CONTRA COSTA COUNTY (CBS SF) — Eight school districts in Contra Costa County are asking voters to approve hundreds of millions of dollars in bonds and parcel taxes in the Nov. 8 election, with perhaps the most contentious being West Contra Costa Unified School District’s Measure T.

If approved by a two-thirds majority, Measure T would extend the existing 7.2 cents per square foot tax for another eight years, raising $9.8 million dollars a year.

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That means the annual tax bill for owners of a 1,500 square-foot home would be roughly $108.

The money would be used for programs and services for students, including after school programs, counselors, sports, libraries and campus security. It would also be spent on “protecting core academics,” including reading, writing, math and science, according to supporters.

Measure T money could be used to reduce class sizes in kindergarten through third grade and for “attracting and retaining quality teachers.”

“Sacramento is not adding a whole bunch (of money),” said school board president Randall Enos. “If you’re going to try to maintain the quality of your classes, you’re really going to have to take a look at (Measure T).”

Opponents, however, argue that the district hasn’t yet proven it can manage taxpayer dollars responsibly, even as it oversees more than $1 billon in previously approved bonds, the costs of which is still being borne by property owners.

The management of those bonds was the subject of a recently released forensic audit, initiated after a district employee made allegations of systemic waste and abuse.

The district is currently taking public comments on the audit report, which found several areas of concern, including conflicts of interest, budgeting problems and issues with the district’s handling of vendor contracts.

“The district is simply not in a position to ask voters to trust it to use new tax money responsibly,” said Jack Weir, president of the Contra Costa Taxpayers Association.

Weir said he likes the new superintendent, hired in the spring, and is looking forward to supporting the district in the future, but for now is asking voters to reject Measure T.

“I totally disagree with him, respectfully,” WCCUSD Superintendent Matthew Duffy said.

The bond program is being closely monitored and the audit recommendations are being adopted, Duffy said.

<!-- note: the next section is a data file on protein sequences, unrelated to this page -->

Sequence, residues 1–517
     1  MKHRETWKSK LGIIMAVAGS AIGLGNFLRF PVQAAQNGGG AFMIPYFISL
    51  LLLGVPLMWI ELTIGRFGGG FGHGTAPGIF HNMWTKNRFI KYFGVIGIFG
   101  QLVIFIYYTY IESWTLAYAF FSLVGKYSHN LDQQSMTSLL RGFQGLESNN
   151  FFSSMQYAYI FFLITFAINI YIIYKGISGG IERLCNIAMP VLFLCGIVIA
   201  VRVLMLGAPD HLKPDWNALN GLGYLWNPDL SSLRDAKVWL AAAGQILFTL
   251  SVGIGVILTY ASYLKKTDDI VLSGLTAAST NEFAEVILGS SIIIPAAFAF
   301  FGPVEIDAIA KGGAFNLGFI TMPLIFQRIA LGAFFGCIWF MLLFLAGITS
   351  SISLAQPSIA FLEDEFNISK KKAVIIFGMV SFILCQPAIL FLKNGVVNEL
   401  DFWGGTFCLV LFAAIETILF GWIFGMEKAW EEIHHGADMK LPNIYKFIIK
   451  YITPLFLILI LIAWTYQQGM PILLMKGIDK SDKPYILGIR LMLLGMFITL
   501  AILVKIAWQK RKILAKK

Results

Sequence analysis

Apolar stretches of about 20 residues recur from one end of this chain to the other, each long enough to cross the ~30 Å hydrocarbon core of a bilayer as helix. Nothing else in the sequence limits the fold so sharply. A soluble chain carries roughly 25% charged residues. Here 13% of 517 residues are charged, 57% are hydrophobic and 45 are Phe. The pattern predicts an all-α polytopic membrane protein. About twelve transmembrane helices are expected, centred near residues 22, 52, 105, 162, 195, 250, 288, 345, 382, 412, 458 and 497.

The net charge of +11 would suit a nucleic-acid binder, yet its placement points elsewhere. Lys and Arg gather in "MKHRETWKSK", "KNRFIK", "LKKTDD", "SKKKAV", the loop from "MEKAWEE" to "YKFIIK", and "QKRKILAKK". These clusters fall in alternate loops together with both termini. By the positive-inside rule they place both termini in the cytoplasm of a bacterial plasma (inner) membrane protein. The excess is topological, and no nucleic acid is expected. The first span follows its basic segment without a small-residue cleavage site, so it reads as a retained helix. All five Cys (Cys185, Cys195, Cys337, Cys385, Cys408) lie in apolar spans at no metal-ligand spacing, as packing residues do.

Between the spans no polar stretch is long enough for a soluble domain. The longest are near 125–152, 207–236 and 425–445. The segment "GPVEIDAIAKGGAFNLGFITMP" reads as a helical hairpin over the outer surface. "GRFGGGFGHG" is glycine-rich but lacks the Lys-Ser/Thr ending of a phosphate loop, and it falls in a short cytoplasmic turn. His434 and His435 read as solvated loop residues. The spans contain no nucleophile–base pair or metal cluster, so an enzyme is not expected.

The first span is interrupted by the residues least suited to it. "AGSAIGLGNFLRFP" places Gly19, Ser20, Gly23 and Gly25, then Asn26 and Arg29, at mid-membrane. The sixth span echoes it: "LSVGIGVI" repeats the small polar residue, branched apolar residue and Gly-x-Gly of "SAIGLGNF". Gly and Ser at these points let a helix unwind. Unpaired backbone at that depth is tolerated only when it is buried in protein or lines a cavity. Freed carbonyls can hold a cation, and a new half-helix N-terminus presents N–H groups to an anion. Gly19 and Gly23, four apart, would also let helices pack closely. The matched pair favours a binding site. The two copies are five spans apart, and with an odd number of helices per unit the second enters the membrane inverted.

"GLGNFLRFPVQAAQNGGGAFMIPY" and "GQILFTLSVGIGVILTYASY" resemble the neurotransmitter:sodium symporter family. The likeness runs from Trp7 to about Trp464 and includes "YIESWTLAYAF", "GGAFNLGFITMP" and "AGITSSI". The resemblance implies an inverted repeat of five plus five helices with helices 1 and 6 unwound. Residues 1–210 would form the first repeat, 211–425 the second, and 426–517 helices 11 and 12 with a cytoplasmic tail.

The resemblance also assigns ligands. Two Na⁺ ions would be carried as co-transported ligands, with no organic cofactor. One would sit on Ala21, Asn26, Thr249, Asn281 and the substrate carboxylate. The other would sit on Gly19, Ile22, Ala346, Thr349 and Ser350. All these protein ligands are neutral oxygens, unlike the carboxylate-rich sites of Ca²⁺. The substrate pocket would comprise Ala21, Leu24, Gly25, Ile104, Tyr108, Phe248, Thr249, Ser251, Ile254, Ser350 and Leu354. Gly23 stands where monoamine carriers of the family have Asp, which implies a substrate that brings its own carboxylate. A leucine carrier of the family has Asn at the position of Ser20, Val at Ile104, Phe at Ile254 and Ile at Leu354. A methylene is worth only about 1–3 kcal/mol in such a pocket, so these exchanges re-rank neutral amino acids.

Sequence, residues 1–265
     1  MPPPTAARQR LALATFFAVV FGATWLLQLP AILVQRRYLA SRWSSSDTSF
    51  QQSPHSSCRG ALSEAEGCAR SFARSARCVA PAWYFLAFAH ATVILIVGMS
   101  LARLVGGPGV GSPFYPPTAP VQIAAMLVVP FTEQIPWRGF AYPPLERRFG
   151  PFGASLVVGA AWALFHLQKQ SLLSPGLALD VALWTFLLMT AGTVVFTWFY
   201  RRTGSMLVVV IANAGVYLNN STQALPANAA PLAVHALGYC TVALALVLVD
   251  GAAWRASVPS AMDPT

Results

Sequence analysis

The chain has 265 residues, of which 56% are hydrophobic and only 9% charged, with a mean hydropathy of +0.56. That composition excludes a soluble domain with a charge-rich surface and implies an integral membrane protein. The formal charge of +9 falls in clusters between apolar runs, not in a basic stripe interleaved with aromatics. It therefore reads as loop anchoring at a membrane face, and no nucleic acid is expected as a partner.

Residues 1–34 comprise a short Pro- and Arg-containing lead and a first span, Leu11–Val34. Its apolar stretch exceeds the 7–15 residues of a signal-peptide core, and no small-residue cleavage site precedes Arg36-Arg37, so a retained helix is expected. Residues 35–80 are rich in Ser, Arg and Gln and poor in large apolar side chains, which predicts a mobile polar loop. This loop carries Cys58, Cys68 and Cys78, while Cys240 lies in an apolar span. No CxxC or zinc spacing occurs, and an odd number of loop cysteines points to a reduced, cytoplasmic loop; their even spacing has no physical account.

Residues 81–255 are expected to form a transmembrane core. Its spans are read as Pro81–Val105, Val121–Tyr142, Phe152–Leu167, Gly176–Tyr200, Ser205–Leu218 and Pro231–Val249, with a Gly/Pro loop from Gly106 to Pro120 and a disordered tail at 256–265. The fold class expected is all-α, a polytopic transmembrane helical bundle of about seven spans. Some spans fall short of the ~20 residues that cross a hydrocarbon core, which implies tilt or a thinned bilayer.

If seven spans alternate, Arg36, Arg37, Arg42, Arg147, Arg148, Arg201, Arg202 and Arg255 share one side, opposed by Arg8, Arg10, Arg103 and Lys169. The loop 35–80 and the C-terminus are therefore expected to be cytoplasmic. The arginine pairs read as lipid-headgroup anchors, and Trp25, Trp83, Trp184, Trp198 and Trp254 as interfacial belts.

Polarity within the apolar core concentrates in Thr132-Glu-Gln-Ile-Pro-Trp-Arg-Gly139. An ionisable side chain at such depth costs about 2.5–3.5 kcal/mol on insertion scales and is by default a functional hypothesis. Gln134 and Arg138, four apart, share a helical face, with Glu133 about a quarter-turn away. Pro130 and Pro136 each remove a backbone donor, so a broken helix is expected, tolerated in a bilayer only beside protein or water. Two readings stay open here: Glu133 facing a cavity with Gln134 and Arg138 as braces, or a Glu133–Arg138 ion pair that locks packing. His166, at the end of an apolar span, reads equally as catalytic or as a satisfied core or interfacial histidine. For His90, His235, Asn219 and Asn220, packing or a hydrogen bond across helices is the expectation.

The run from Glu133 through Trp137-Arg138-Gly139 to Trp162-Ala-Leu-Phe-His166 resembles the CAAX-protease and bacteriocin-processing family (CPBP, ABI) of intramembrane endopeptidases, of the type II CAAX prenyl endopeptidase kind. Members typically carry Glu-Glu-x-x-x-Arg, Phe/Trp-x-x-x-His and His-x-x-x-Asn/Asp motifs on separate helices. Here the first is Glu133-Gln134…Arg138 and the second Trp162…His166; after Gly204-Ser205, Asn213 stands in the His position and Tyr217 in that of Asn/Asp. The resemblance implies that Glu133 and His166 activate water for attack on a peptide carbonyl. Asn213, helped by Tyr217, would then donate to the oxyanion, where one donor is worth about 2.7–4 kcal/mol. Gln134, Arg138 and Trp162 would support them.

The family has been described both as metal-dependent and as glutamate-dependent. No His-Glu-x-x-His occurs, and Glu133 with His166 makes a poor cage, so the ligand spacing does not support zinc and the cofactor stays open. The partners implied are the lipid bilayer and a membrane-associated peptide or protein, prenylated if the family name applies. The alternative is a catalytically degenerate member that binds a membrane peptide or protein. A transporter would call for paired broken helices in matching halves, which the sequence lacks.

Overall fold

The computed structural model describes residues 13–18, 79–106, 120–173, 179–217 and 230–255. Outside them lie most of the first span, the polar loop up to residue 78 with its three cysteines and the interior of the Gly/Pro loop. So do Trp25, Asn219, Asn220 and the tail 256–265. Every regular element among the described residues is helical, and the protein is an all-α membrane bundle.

Additionally, the parcel tax program is a completely different entity and has never been criticized for management problems, he said.

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Also, the bond money can only be spent on construction and maintenance at the nearly 30,000-student, 52-campus district and can’t be used to improve or even maintain the existing level of instruction or programs for students in the classroom, Duffy said.

“I really believe this district is going to go from good to great,” Duffy said. “We want to make sure that we have the resources to do it.”

The other parcel tax in front of Contra Costa voters is Pittsburg Unified School District’s Measure S, which also needs a two-thirds majority to pass.

Measure S, a renewal of a tax first passed by Pittsburg voters in 2008, would raise about $1.2 million annually over seven years by adding a $91 per parcel tax to property owners’ yearly bill. The money would be spent on art, music and sports programs, as well as to attract and retain teachers and staff, according to supporters.

Contra Costa County Supervisor Federal Glover and Pittsburg City Councilman Salvatore Evola support the measure. There are no names or arguments listed in opposition.

The other six school funding measures in the county are all bond measures that need 55 percent voter approval to pass, including two in the John Swett Unified School District, Measures P and Q.

Measure P would raise $40.2 million to build a new Carquinez Middle School that meets current earthquake safety standards. Measure Q would raise $20 million to finish the renovation and safety upgrades at John Swett High School.

As with all of the county’s bond measures in this election, no names or arguments are listed in opposition on the ballot.

Measure U in the Liberty Union High School District would raise $122 million in bonds to upgrade, repair and expand facilities at the Liberty, Freedom and Heritage high school campuses.

The Martinez Unified School District is asking voters to approve Measure R, a $120 million bond measure to upgrade and expand its elementary schools.

Measure V in the Moraga Elementary School District would raise $33 million in bonds to modernize and expand the district’s four campuses.

“Every Moraga school is nearly 50 years old and requires renovation,” the ballot argument in favor of Measure V states.

Measure W in the Oakley Union Elementary School District would raise $31 million in bonds to build a new campus and modernize and repair the district’s existing eight schools.

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